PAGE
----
Nick and Jessica had their “chicken of the sea.” Sharon and Ozzy had their bleepity bleep-bleep. And now Ed and Rachelle have … plastic rain barrels.

Ed Begley Jr.

Photo: Tricia Lee Pascoe

That’s Ed Begley Jr. and his wife, actress Rachelle Carson. They’re the stars of Living with Ed, a six-episode series premiering on HGTV in January that puts a domestic spin on green issues.

Take the rain-barrel squabble: He wants to capture and reuse precipitation. She doesn’t want barrels that clash with the house. “Honey, what’s more ugly?” Begley recalls asking. “The fish flopping in the mud there in the Owens Valley, or this color?” It’s a constant battle over aesthetics, he says, but he’s slowly showing her that it won’t cost much extra money or time to live green. Now he’ll show TV audiences the same thing.

Perhaps best known for his Emmy-nominated turn in St. Elsewhere, Begley has most recently been featured in the Christopher Guest film For Your Consideration and guest starred on Veronica Mars, Arrested Development, and other series. Off screen, he’s garnered attention for his role as a committed environmentalist in the Hollywood community. An active member and sometimes-chair on the board of a number of green orgs, including the Environmental Media Association, Begley has earned a number of prestigious awards for his eco-work, and encourages fellow actors to change their bling-y lifestyles. “You want to go to the Oscars? Go in a Prius. Go in an electric car,” he advises. Or do as Begley has done: show up on a bicycle.

This isn’t just a publicity stunt or an effort to be hip. Begley’s been driving an electric car since 1970. He recharges the current one, a Toyota RAV4, with the solar panels that provide all the electricity for his modest, two-bedroom home in sunny Studio City, Calif. He grows his own veggies and cooks them in a solar oven. He even powers his toaster with a stationary bike.

When I got the chance recently to ask him what it’s really like living with Ed, he had just arrived home from some errands. It was only 10 a.m., but he’d been out delivering cases of his Begley’s Best eco-cleaning supplies to a nearby vendor, taking a natural-gas bus and the subway to make it back in time for my call. Despite his early day, Begley was chipper and entertaining, relaying conversations with his wife as if portraying characters in a play. Between laughs, I managed to ask him how he came to star in a reality show, whether Hollywood’s recent green streak is sustainable, and which of his eco-projects he’s most proud of.


Let’s talk about your upcoming show. A press release called it a “family docu-soap” — is this like an environmental version of Newlyweds?

Can she live with his ecocentricities? Stay tuned.

Photo: Aaron Rapoport

In a way, I suppose it is. It might also be called Green Acres for the New Millennium. My wife and I are of a different mind in some ways, but ultimately, we find much we can agree on. I won her over to a lot of different environmental notions because I’ve shown that it really doesn’t cost her anything in inconvenience or dollars. And she’s won me over to aesthetics. I don’t mind if something looks good as long as it still works and is energy efficient.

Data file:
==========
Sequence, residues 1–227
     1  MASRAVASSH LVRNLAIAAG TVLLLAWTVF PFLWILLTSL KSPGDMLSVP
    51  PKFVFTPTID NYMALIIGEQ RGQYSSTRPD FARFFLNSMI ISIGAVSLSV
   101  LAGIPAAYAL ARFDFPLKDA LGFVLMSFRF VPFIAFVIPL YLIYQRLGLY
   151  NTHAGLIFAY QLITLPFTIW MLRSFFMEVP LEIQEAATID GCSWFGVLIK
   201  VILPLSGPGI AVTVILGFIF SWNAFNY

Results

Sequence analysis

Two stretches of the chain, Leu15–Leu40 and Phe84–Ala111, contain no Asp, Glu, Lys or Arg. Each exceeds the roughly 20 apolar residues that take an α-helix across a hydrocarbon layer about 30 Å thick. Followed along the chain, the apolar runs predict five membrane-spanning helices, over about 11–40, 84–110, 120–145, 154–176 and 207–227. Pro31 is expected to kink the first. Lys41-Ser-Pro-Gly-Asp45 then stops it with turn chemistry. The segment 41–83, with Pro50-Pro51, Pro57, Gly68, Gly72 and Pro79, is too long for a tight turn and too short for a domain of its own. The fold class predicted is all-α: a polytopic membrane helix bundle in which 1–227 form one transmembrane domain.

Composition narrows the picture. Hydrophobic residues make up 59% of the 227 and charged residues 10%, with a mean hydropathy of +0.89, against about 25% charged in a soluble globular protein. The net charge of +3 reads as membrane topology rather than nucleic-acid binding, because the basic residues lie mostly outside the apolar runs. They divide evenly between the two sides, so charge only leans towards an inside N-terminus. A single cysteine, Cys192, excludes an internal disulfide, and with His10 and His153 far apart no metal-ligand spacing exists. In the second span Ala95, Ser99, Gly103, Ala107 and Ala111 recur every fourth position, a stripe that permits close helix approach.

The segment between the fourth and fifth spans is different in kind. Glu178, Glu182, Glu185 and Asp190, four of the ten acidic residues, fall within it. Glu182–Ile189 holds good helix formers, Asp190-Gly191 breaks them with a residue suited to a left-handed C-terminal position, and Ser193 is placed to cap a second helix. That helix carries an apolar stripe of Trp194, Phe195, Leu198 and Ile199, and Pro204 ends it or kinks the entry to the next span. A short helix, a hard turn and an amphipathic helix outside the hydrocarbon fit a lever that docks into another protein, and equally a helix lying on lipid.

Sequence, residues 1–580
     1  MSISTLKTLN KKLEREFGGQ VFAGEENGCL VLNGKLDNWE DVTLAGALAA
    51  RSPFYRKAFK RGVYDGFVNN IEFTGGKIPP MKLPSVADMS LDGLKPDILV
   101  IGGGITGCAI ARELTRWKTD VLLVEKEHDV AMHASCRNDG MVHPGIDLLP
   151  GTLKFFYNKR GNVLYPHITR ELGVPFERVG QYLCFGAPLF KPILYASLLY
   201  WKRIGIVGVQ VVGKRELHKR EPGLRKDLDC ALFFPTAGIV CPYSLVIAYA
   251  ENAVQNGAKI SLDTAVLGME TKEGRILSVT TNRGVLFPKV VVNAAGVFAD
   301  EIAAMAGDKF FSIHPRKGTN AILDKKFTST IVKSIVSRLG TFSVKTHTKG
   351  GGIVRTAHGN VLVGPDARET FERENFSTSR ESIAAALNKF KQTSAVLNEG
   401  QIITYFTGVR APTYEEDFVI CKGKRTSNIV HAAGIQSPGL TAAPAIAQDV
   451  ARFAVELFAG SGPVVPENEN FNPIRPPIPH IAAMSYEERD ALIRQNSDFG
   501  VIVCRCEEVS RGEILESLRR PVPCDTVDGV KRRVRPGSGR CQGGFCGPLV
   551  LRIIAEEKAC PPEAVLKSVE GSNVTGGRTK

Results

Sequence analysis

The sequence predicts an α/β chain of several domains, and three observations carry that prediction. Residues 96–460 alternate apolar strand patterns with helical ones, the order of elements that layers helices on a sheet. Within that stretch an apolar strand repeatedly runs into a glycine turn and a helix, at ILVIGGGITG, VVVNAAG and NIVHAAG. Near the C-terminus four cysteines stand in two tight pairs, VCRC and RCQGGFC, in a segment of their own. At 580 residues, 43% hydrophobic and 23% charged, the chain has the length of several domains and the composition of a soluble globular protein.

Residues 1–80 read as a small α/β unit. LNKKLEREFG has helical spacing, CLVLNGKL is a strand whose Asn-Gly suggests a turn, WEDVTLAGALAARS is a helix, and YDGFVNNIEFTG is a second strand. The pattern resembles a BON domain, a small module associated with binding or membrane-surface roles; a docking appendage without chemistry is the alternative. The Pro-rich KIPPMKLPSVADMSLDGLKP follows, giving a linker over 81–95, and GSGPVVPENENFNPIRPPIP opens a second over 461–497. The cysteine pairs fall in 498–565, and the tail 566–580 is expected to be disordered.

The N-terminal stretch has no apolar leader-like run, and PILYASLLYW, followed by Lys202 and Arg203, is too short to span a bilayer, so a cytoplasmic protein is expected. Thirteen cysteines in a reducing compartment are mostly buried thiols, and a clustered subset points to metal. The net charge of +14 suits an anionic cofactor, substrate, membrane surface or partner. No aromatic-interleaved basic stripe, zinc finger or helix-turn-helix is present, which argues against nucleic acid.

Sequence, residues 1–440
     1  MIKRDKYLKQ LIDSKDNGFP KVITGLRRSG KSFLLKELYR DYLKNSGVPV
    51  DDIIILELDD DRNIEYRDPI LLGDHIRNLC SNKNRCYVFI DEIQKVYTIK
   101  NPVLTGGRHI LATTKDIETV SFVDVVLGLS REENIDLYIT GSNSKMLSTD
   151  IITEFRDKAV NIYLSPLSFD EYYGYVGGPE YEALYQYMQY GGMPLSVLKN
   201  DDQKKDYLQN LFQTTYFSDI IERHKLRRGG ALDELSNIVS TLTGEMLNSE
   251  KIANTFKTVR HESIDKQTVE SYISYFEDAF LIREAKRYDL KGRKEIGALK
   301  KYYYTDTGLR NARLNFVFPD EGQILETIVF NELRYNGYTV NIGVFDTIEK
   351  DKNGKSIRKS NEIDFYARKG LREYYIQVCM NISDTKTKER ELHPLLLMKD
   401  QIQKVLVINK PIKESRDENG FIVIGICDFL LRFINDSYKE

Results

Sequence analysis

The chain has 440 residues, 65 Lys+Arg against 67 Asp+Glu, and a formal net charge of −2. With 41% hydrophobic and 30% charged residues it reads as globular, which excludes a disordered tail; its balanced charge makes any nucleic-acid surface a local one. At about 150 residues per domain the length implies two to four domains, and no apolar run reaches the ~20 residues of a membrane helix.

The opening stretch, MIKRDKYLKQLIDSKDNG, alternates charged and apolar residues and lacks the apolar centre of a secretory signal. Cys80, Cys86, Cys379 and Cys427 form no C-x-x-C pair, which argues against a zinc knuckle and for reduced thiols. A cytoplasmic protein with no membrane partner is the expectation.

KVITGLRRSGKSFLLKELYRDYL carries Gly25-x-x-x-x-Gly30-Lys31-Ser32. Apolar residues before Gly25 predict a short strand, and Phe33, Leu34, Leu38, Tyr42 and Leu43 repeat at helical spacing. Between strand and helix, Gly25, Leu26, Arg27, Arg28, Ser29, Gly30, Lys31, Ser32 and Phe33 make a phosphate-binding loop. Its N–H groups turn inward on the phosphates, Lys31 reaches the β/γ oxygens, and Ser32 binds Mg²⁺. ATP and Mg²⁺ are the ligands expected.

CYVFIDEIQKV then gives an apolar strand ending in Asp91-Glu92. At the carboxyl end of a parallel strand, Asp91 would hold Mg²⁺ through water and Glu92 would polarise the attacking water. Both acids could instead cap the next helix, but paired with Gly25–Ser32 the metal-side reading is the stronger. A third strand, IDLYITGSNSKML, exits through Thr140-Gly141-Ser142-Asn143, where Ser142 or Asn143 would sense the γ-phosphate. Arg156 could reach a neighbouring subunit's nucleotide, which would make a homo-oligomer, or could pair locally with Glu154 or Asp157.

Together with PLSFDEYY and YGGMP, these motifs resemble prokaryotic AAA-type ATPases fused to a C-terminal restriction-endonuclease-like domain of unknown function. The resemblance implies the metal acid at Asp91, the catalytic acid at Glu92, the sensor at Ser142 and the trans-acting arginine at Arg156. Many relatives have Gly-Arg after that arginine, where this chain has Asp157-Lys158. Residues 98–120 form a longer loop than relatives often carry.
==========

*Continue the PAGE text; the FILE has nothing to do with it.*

There’s still much we battle about. There’s a certain amount of conflict in the show, which is good television and also quite real. I assure you, we don’t manufacture any of it. We have stuff we disagree on. I got these plastic rain barrels, and she was just adamant about that. She thought they were unattractive. I said I’d paint ‘em. Still, it wasn’t good enough. So all that stuff is the fun and the challenge that we have living a lifestyle that works for both of us.

How did the project get started?

I’ve for years been pitched ideas about doing an environmental show. I’ve tried it a few times; it can be exciting or it can be boring, depending on how you do it. You can’t preach to people, as I’m sure you know.

About a year ago, [producer] Joe Brutsman comes to me with an idea for a reality show. … “It’s called Living with Ed,” [he said]. “And it’s like, she needs to go get her hair done and the nails, and you’re there riding the bike and the compost and the solar panels, and she can’t use the blow-dryer cause the solar’s down too low.”

“Wait a minute, this could be good,” I thought. “And I like the title Living with Ed. This could be good, I don’t know — let’s try it.”

They shot this ten-minute thing, and they were in our house 13 hours or 14 hours. “I can’t do this,” I told Rachelle. “For them to be in my house 14 hours a day, five days a week, this would not be fun — this will be a drag.” She was gung-ho to do it. So I looked at the show, and I went, “This is very funny.” It was informative. It was entertaining. It was everything you would have hoped it would be. And she said, “They said they would only be here a day or two a week.” And as it turns out, that happened to be true. So we started doing it. We’re doing six shows, and I have high hopes for the whole thing.

So they were at your house for a couple days a week for how long a period?

They’re still here. They’re not here today; we’re off today. But we shoot two days a week, and we’re on episode five, I think, of six. So we’ll be done by the end of the year, easily. And it takes them three or four days to get all the shots they need for a show. They come at nine in the morning; they’re done at six. It’s a very easy schedule. I’m shooting in my house; it can’t get much easier than that. “Ed?” “Yeah?” “We’re outside. We’re gonna set up now — can you come out and talk about solar panels?” “Uh, yeah, I think I could very easily come outside and talk about solar panels.”

It’s the best job I’ve ever had. I’m glad I did it.

And it’s all green production, too, right?

Well, first of all, when they’re plugging into my outlets, they’re all solar-powered. My house is solar-powered. They come in hybrid cars, they recycle everything while they’re here. They’re buying carbon offsets for the production. They’re doing everything green, green, green.

In 2000, you wrote a piece for us — a sort of travelogue — as you journeyed from L.A. to the political caucuses in Des Moines in a natural-gas-powered car.

Yes, they didn’t have hybrids then. This was January of 2000, and there were no Toyota Priuses available in America. They had them in Japan, but you couldn’t buy them here. I got my Prius in August of 2000 — later that year. But at this point, I had been for years driving a natural-gas car — and it was, well, if you read the piece …